Behind it all was the theme of what I was going to do when I finally had my license, and what he could do if he got his. Somehow I'm not surprised that my dad has shown up in so many photos of my young nephew Emerson falling in love with airplanes. I think I have vague memories of him lifting me up to look in airplanes thirty or so years ago.

So my dad was one of the first people I wanted to take flying. But months went by. It took me a few months after my checkride before we even got into the same state. Then there were other obligations and just not enough time to get to the airport, checked out in a rental, etc. Short of coming down to Maryland and parking himself on my couch until I took him flying, there's not much more my dad could have done to get into the air. We've come close, as I've written before, but it just never worked out.
So it was with a LOT of anticipation that I walked up to my dad at the fence after flying my mom around the beach. I briefed him, making sure he knew how to latch and unlatch the seatbelt and door, the climbed in. I told him about the flights I'd taken with my Nana and mom, and asked if he'd like to do the same or head inland. He didn't really have a preference, so I figured we'd head inland toward lake country.
I talked through my runup so he could follow along, asked him if he was ready, and we rolled down Runway 14. I climbed higher as we headed toward my parents' cottage in New Hampshire about 30 NM away. There were some hills at about 2,300 feet, so I climbed to 4,500 as we headed West. It was beautiful. The sun was low, the air was clear, and there was no turbulence.
Surprisingly, though, there WAS a significant headwind of 20-30 knots. As the duration of our flight to the cottage grew longer, and looking at the lowering sun, thinking of the people still on the ground hoping for a ride, I decided that we didn't have time to go all the way to the cottage. I explained the situation to him and asked if he minded if we headed back to the airport.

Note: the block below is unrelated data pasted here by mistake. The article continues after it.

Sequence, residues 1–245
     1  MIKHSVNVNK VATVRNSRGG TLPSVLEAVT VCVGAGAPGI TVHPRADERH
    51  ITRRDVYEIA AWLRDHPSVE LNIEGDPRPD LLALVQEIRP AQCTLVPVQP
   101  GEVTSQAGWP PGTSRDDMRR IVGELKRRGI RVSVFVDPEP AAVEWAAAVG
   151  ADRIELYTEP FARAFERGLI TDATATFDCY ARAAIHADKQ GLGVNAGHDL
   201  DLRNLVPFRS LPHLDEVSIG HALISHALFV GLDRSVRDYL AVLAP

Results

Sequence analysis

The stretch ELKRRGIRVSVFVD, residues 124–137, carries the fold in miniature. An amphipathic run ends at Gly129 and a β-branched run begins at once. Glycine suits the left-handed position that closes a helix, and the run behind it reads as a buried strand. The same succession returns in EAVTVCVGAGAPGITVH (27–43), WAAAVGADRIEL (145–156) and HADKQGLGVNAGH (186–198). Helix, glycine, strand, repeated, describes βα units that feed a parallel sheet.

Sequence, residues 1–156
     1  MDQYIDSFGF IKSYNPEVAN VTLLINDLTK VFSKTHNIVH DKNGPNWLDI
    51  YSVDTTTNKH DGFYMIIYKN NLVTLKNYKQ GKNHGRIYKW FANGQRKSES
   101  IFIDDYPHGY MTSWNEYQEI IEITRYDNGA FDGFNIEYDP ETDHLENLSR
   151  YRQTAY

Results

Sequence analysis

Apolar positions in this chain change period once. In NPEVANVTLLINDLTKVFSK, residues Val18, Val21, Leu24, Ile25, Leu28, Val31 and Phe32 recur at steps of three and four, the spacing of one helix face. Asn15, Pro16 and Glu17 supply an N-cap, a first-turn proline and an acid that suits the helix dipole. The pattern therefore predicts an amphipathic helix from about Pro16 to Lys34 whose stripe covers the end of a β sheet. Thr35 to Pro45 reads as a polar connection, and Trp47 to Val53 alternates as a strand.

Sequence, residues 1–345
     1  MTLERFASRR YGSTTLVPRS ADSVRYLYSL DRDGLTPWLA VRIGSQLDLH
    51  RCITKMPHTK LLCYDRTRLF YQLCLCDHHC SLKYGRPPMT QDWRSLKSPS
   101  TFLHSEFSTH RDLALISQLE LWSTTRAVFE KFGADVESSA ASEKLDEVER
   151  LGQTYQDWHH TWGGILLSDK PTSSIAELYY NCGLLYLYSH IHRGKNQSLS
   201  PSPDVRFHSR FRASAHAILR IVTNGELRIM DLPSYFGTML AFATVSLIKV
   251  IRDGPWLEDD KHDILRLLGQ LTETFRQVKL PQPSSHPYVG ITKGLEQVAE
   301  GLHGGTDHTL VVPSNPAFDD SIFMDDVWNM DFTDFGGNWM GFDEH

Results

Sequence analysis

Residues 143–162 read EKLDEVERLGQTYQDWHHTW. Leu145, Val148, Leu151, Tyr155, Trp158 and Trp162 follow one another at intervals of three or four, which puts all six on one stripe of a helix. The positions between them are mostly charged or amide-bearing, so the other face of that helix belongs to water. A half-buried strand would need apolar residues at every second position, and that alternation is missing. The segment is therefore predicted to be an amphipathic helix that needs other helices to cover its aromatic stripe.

Other than asking a few questions, he had been pretty quiet the whole flight. I had done most of the talking, prattling on about the different instrument indications, what I was doing, things we were seeing, and so on. He said he wouldn't mind if we turned back, so we did.
I was high as we approached the airport, and on the wrong side of the runway, so I announced that we would overfly the airport 1,000 feet above pattern altitude. As we approached the airport, I flashed my taxi and landing lights at the small group of family on the ground, then I circled around and we entered the pattern to land.
Since he had been so quiet, I hadn't bothered to give him my usual spiel about avoiding non-essential conversation during the landing phase of flight. As I was about to turn base, he asked a question. I gave him a quick answer, then asked him to hold other questions until we were on the ground. There was a light crosswind, but I turned in another great landing.
As we taxied back, I said, "So, what do you think?" He said, "I think it's great!" Later that night, I gave him my logbook to sign. He wrote:
"Flying like clouds, floating like a feather, and just as smooth!
Well done! Dad."